Nelson is the cleanest offensive line prospect in our four years of grading every snap of every game at the FBS level. His combination of flawless technique, athleticism and strength is beyond rare. You’ll hear me throw around the term ‘can’t miss’ almost never. Nelson is can’t miss.
5. Derwin James, FSU – safety
James has all of the tools to become a game-changing playmaker at the next level. His size and athleticism allow him to make plays in coverage against the run and as a pass-rusher. All of James’ skills led to him becoming the nation’s top-graded safety in both 2015 and 2017. He can be a coverage weapon in a two-high safety look or in man coverage against tight ends and slot receivers, while his size allows him to be a force in the run game and to get after the quarterback.
6. Josh Rosen, UCLA – quarterback
Last year’s top-graded quarterback on intermediate (10-19-yard) throws, Rosen has the zip and touch to make tight-window throws. His aggressiveness allows him to create big-play opportunities all over the field, but it also gets him into trouble with a high percentage of turnover-worthy plays. Rosen graded between 84.0 and 86.3 in all three years of his career at UCLA, all solid grades, though not the dominant performances you’d like to see for a quarterback in the mix to be the first overall pick.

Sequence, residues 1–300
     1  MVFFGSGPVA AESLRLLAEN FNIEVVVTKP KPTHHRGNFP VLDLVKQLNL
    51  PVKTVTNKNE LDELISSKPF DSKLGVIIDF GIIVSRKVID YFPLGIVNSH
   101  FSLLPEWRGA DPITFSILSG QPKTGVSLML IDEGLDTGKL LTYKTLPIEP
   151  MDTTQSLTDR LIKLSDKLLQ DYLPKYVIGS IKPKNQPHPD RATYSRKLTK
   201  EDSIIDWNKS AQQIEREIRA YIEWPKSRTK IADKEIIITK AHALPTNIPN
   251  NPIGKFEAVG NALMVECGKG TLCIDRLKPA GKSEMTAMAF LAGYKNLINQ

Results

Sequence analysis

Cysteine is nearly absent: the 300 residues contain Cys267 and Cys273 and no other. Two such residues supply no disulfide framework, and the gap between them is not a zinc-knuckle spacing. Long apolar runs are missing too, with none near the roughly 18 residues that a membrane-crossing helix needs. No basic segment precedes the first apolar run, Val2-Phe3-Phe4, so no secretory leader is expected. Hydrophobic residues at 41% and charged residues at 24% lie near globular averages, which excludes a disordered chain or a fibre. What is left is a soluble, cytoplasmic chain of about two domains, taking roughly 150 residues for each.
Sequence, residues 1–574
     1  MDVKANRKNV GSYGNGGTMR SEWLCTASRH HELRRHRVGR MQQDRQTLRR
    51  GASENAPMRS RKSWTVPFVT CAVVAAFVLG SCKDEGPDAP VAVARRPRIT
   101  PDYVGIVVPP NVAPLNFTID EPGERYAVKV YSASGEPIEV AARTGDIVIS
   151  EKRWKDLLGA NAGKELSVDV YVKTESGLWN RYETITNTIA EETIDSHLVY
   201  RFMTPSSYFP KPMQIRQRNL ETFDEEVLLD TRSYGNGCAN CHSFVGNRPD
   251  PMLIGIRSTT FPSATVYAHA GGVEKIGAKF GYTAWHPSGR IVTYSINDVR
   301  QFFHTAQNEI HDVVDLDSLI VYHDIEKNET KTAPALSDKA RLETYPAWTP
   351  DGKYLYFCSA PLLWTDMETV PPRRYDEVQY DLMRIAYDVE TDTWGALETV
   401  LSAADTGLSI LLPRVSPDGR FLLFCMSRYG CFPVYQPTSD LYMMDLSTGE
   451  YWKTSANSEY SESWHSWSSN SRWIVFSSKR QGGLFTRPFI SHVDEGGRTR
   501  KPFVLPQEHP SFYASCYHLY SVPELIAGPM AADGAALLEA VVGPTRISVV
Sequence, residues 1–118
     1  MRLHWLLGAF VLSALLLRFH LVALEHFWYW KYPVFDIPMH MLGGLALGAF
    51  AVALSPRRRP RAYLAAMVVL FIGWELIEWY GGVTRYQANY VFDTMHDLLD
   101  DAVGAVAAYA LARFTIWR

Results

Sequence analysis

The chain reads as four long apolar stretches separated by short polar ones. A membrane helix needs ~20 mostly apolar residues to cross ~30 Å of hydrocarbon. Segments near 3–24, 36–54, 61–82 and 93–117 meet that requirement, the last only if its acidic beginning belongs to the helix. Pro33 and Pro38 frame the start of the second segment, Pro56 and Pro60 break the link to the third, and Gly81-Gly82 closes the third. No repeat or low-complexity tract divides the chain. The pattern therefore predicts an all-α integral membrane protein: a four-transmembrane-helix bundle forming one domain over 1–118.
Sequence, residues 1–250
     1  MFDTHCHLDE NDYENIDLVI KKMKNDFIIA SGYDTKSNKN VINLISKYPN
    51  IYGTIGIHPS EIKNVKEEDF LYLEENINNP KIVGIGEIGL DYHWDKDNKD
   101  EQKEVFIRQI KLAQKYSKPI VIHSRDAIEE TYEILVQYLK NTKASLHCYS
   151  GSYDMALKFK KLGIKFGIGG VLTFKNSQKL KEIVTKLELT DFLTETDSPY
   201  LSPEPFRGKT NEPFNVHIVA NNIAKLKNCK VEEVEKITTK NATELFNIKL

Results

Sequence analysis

7. Roquan Smith, Georgia – linebacker
The class of this year’s linebacker crop, Georgia’s Roquan Smith is a talented and athletic linebacker who perfectly fits the mold of the modern NFL. Like Atlanta’s Deion Jones, Smith has the talent to be a matchup weapon on defense when it comes to coverage and has the speed and athleticism to make plays sideline to sideline, neutralizing some of the game’s most effective offensive weapons. There will be people that nitpick his game, but his PFF grades have been excellent and he had 74 defensive stops in 2017, the second-most among all linebackers. His coverage skills can be something special at the next level, he is the best linebacker in this class and should be taken high in the first round.